Despite criticism from residents, Wyandotte County utility bills are getting steeper
The Kansas City Board of Public Utilities voted to increase electricity and water rates for Wyandotte County, but residents say they are already overburdened by high utility bills.
Residential electric rates in Wyandotte County will rise 2.5% this year and another 2.5% next year.
The Kansas City Board of Public Utilities voted 4-2 Wednesday on the price hikes along with a 6% water rate increase. The increases kick in next month. BPU last increased electricity rates in 2018, and water rates in 2013.
At the public hearings on the rate increase last month, residents expressed frustration that utility bills were already too high for low-income households.
“The only problem with everything going up is a lot of people in Wyandotte County are still not able to pay their bills, period. So they lose their water or their electricity,” said David Smith, a Kansas City, Kansas, resident who said he had his electricity cut off while trying to resolve the issue with BPU customer service.
BPU staff said that the increase is needed to cover costs associated with aging infrastructure, inflation and maintenance.
Board member Tom Groneman voted to increase the rates, but he said the board should look into lowering fixed costs for the customers who are struggling the most to pay their bills.
“To make sure that we operate and that we’re viable, increasing the rates is sometimes necessary,” he said. “But we also need to look out for the people that are struggling and make some effort to assist them.”
Board members said they would consider creating a program to help offset costs for low-income residents. They asked the BPU staff to come up with the criteria for customers to qualify for such a program and present it to the board in August.
“I understand that the utility needs the increase so that they can continue to operate,” said Rayan Makarem, a climate policy advocate at CleanAirNow, an environmental justice organization in Kansas City, Kansas. “But I hope and wish that they actually go through on what they were talking about of helping people who cannot afford their bills.”
Residents also complained about the PILOT fee, or “payment in lieu of taxes,” collected by the BPU but goes to the Unified Government.
Board member Rose Mulvany Henry said that the board is working with the Unified Government on removing the PILOT fee from the utility bill and putting it on a separate bill.
“It bothers us as much as it bothers you,” she said.
Many asked that BPU provide in-person customer service and bilingual representatives for Spanish-speaking customers.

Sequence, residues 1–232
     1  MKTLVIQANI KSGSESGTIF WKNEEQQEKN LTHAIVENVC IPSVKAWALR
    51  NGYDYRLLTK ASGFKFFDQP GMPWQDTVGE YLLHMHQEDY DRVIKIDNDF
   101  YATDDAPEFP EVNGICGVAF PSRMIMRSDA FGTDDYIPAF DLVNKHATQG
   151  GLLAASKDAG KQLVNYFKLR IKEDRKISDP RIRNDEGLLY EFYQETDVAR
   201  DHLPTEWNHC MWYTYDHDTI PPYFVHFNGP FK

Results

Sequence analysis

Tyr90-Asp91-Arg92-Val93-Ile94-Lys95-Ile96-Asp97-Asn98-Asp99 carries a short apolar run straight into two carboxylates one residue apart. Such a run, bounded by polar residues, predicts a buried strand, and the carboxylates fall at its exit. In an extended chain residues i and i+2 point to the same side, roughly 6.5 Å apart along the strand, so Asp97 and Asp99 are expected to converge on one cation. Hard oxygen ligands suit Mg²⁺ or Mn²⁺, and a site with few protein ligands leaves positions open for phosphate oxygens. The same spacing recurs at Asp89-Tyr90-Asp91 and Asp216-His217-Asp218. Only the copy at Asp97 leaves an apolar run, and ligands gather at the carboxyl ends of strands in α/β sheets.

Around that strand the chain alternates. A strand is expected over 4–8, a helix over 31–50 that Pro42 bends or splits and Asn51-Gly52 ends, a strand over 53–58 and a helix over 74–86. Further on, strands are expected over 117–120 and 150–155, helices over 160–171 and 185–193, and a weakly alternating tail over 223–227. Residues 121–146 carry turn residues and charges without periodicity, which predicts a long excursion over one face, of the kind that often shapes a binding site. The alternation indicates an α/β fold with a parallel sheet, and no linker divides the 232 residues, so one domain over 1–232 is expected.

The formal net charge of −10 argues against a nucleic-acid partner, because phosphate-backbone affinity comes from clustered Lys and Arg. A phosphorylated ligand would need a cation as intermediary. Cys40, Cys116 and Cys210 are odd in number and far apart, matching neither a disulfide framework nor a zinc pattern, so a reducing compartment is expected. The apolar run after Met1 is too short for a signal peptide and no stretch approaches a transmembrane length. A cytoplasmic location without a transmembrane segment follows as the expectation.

Esther Almanza, like others, complained of losing her electricity during days of extreme heat and not being able to get help from customer service.
“It's impossible to be living in conditions with no air, no nothing, no electricity, so we all could take that into consideration and just see how people really need help,” she said.
Board member David Haley, who voted against the plan to increase rates, said that he will push BPU to re-open its lobby for customer service and hire bilingual employees.
“That's the kind of utility that we need to be to have customer service at an all time high,” he said.
Shutting down Nearman
The Sierra Club intervened on the rate increase and presented its own analysis that showed BPU could use funds from the Inflation Reduction Act available for clean energy to make up those costs and retire its Nearman coal plant.
“We want zero-emission energy renewables as soon as possible,” Makarem of CleanAirNow said. “We have asked several times for BPU to stop using coal and to switch to more renewables.”
BPU board members made no pledge Wednesday to shut down the coal plant.
“You can't shut it down overnight. It's gonna take a while and you gotta have something to replace it with,” Groneman said. “Once we get the plan and what Nearman's future is, then we can address that at that time.”
General manager Bill Johnson said that BPU has a team exploring how federal Inflation Reduction Act money might be used to modernize the utility’s power plants. Mulvany Henry said Wyandotte County would be a good candidate for spending federal dollars to reduce greenhouse emissions.
“We have to take advantage of the infrastructure funding that is out there that is being offered by the federal government today,” she said. “This community … could be a poster child of what (the federal government is) trying to do.”